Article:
In sum, reading subsection (3)(b) in the context of subsection (4), and vice versa, and both provisions in the context of the entire handgun registration scheme, we reach the following conclusions. First, defendant must require applicants to provide the information in subsection (3)(a), but that subsection does not by its terms prohibit defendant from requiring additional information. Second, defendant must require applicants to provide character references. Third, defendant must provide an application substantially similar to the model application in subsection (4). Fourth, permissible variations from the model include alterations to bring it into conformity with subsection (3)(b) and additions seeking information that will significantly and substantially help defendant conduct the investigation necessary to determine whether an applicant meets the requirements specified in subsection (1)(a)-(L).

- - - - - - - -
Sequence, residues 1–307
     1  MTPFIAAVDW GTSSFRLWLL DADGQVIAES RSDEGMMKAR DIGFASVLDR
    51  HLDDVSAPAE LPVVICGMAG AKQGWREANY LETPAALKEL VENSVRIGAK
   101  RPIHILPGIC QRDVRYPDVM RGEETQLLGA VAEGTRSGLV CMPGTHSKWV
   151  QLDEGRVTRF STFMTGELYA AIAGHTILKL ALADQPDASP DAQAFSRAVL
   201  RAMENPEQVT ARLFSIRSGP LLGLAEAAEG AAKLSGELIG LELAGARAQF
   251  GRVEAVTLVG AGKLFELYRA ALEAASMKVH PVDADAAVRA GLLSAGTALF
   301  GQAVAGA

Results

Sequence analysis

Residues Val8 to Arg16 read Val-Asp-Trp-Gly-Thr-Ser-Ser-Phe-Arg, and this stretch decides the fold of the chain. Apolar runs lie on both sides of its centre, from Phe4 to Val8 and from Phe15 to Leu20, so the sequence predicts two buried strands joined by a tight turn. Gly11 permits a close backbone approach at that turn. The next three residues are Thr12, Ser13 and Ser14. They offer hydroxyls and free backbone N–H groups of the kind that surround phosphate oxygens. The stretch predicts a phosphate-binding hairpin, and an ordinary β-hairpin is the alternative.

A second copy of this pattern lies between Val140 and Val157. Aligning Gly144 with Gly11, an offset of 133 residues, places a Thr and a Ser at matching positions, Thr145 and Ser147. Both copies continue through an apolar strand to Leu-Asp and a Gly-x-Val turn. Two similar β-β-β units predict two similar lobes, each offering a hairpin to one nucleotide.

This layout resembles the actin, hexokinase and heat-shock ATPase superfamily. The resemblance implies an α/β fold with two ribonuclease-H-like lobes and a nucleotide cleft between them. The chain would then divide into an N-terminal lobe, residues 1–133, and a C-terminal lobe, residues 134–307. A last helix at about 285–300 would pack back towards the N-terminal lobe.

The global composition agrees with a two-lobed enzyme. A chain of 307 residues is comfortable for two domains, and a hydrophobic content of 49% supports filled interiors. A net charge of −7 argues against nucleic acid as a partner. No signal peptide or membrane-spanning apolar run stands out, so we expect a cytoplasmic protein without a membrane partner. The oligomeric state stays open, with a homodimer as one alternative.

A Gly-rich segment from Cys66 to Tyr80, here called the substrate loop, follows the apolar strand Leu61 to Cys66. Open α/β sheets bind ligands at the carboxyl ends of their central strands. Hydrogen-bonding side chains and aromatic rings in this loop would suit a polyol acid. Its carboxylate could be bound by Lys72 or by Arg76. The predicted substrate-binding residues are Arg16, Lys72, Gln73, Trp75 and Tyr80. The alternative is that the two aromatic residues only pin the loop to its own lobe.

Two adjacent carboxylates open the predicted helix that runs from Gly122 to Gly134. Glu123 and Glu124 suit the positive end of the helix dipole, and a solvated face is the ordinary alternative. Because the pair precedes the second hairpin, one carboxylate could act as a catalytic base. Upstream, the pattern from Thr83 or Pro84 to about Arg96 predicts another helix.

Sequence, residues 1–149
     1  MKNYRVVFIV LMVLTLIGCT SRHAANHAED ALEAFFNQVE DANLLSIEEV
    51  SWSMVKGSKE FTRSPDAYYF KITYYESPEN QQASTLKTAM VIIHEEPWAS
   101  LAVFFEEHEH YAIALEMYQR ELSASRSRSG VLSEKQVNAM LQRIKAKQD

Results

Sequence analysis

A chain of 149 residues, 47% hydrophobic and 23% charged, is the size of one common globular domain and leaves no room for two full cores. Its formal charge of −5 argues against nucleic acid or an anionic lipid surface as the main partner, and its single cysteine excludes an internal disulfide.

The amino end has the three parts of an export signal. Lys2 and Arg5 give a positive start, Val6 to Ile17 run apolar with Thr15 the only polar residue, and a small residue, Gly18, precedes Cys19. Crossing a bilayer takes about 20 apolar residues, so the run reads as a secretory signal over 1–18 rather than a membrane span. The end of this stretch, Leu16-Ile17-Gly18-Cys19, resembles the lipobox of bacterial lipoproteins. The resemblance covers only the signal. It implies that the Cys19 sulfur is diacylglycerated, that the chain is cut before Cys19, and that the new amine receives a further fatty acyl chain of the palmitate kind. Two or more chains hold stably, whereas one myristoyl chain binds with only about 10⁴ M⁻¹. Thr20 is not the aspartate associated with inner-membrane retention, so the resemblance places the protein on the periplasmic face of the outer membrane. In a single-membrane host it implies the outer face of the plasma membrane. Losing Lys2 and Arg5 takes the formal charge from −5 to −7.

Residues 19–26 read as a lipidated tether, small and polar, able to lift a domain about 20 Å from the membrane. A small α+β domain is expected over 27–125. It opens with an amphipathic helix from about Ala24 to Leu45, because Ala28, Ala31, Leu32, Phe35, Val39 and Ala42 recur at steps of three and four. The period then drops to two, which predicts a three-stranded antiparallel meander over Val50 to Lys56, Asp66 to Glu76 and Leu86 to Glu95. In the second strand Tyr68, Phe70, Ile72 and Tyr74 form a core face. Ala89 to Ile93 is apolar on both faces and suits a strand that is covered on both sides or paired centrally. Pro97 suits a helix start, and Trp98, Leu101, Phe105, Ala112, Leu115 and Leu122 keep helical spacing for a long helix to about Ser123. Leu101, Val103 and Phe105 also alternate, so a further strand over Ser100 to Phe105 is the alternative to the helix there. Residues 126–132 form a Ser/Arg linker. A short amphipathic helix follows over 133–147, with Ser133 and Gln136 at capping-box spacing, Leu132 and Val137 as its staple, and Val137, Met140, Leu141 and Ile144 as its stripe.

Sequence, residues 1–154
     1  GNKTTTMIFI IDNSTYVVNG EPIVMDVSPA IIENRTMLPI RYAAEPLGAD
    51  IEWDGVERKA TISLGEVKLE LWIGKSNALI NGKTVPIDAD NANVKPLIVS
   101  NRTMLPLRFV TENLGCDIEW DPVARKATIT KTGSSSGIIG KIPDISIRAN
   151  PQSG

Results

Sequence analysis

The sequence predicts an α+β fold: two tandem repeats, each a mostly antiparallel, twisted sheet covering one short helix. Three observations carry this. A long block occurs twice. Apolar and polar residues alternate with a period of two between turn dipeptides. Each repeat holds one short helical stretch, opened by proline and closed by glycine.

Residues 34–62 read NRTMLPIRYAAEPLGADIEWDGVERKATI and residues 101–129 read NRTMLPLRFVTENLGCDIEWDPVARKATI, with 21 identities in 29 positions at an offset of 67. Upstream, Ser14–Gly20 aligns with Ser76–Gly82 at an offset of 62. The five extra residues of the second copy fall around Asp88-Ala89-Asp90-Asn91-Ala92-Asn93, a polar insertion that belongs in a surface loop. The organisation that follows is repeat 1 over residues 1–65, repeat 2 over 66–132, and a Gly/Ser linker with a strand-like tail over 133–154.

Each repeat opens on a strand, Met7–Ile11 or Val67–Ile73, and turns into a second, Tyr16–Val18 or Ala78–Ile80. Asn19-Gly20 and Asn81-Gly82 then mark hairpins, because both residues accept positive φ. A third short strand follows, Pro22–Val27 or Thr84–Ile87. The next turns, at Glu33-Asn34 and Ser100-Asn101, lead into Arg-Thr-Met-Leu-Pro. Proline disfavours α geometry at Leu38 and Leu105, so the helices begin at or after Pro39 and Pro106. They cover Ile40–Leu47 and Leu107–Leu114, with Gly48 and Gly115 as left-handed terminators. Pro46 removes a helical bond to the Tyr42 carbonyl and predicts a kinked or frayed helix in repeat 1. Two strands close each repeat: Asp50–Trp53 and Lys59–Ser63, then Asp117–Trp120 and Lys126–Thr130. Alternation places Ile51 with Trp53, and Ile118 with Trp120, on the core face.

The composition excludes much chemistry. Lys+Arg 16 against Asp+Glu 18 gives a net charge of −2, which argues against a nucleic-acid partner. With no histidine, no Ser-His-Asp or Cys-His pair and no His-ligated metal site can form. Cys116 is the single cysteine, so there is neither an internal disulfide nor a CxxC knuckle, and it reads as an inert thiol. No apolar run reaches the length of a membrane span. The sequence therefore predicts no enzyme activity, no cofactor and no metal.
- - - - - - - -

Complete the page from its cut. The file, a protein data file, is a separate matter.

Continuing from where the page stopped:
This conclusion is not radically different from the position defendant has taken at trial and on appeal, nor from the judgment that the trial court entered. In this court, plaintiff repeatedly disputes the admissibility of the evidence defendant presented to substantiate his claim that the information he required from plaintiff was, in fact, reasonably necessary for the investigation. However, plaintiff did not object to this evidence below, and we will not consider the objection when it is raised for the first time on appeal. Nor has plaintiff attempted to meet his burden, Nelson v. Lane County, 304 Or 97, 101, 743 P2d 692 (1987), to prove that defendant acted unlawfully by requiring unnecessary information. Although it is possible that a subsequent case will provide the occasion to address what information is and is not within a sheriff's authority to require, this is not that case.
1. The 2001 Legislative Assembly added those items to the model form. Or Laws 2001, ch 104, � 56.